framed space: meditations on two tracks

20 Sep

The saxophone sets the scene. 1950s suburbia. The kind of place I only know from television and movies. With new lawns being cut by new lawn mowers that scrape along the concrete of new curbs. The song, or couple of songs—“Protect From Light (I)” and “Protect From Light (II)”—also get their period feel from the album’s art, a hand-drawn illustration in which two dames with hairstyles circa 1955 operate the switches of what might be a spaceship. They sit precisely the way they would at a switchboard, as if they were suddenly beamed into the future, command deck controls spliced into where there had been an innocuous panel of blinking lights. Up in the corner of the pale green drawing: blink. Followed by The Architects. The first is the band, rendered always in lowercase and with that period after—a command: blink.

It’s only for a second that I feel I’m in that suburban front yard, because this isn’t really nostalgic music; it doesn’t sound like the 1950s, not after that first flutter. Instead the camera pans back and I realize the town was only a TV set, and then that even the set was just green screen. And the music, a rare blend of electronics and jazz, somehow feels old and playful and simultaneously futurey, kind of like The Jetsons.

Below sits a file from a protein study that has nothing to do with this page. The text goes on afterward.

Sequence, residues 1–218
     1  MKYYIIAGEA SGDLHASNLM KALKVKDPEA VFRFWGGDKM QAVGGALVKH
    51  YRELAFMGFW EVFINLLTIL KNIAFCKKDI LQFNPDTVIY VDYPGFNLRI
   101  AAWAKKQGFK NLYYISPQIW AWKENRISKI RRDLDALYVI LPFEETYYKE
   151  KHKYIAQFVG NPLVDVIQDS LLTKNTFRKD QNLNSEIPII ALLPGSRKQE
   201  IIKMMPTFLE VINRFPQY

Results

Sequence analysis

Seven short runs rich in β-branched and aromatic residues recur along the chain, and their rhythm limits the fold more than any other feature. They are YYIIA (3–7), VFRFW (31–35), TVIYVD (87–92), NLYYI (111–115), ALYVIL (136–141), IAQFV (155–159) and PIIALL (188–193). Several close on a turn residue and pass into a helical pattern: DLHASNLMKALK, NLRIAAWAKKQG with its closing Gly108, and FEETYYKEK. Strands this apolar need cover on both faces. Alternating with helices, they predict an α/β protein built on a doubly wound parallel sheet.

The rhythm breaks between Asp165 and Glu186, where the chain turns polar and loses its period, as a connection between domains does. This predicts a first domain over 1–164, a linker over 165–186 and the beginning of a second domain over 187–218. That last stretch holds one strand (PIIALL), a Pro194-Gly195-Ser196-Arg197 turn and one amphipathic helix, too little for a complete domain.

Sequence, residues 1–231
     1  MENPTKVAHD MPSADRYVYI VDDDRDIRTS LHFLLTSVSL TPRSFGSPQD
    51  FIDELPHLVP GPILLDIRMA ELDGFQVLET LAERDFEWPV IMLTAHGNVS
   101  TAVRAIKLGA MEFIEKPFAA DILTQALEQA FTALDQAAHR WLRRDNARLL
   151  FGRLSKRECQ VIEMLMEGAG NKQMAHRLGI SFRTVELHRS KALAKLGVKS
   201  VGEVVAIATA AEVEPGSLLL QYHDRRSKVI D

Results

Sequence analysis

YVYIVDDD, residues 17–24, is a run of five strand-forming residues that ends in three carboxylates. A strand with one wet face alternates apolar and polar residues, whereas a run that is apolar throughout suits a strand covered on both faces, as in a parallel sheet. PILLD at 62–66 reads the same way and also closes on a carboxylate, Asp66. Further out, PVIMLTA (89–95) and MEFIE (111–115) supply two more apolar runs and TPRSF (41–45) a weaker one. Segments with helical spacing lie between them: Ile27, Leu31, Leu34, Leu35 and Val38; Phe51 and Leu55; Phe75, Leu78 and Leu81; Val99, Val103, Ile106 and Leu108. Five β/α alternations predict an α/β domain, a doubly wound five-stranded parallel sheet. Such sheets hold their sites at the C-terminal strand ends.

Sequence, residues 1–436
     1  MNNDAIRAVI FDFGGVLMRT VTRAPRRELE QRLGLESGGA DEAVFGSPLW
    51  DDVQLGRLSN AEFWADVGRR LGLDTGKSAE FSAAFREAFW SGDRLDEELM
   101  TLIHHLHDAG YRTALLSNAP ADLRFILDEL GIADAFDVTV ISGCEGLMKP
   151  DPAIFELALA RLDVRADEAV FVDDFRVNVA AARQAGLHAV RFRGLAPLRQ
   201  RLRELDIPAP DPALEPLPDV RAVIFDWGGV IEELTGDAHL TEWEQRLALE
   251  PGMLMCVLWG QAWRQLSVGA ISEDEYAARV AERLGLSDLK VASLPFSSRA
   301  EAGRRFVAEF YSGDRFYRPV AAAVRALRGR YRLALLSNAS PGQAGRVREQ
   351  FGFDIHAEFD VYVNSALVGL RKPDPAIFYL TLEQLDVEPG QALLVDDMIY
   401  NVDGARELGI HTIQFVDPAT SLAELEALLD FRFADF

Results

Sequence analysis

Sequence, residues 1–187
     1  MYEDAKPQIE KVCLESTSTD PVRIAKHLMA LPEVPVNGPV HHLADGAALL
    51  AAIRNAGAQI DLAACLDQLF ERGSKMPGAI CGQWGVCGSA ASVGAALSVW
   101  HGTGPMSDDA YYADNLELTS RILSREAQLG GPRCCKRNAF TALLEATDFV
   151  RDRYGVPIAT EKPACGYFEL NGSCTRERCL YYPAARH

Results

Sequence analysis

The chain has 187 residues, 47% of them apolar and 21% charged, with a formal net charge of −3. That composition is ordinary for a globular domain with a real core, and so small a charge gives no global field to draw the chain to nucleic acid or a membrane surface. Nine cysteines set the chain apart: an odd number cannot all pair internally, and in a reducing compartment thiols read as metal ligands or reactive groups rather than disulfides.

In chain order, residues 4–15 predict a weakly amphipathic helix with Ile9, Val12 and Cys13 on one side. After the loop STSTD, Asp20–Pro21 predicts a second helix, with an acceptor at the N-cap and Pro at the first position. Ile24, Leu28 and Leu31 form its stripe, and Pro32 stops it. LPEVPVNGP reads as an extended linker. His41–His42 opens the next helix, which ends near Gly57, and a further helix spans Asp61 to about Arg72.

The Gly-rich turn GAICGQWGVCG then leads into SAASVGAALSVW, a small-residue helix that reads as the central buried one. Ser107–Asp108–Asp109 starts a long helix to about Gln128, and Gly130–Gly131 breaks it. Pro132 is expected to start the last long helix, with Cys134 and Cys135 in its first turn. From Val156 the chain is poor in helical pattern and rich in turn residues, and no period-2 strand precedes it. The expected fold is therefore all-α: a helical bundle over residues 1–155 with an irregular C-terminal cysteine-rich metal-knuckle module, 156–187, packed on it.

There’s only a few melodic moments with real phrasing, which gives those moments power. Outside these is just texture. It’s interesting texture though, alien landscapes that might be what suburbia looked like back then to those poor chaps who were lucky to see anything again at all.

The songs remind me of a place that I often visit over lunch. A cast-iron structure, just past the office towers and condos of Chicago’s downtown, built over a walkway that leads into a formal garden not far from the lake. It’s not a structure so much as a four-sided gateway, a shell of what might’ve been built.

Perhaps the best way to describe it is to say that it’s not really a building in the same way that a cube drawn on paper is not really a cube. It’s simply an outline. And it frames space the way the pencil lines frame the shape. Adding to its depth, the cast-iron frame is porous, with wide ornamental gaps in its walls and roof, flooding the walk with sunlight and confusing my senses: am I inside or out? I’m aware it’s the latter, yet my body also feels contained within a finite space, completely unlike standing free on a sidewalk, or in a field, or even under a tree. That’s what this music is like. It is framed space. Architectural but without structure. Truffles of rust dotting its walls like pennies. A gateway to something more important than itself.

:: :: ::

Listen to “Protect From Light (1)” here.

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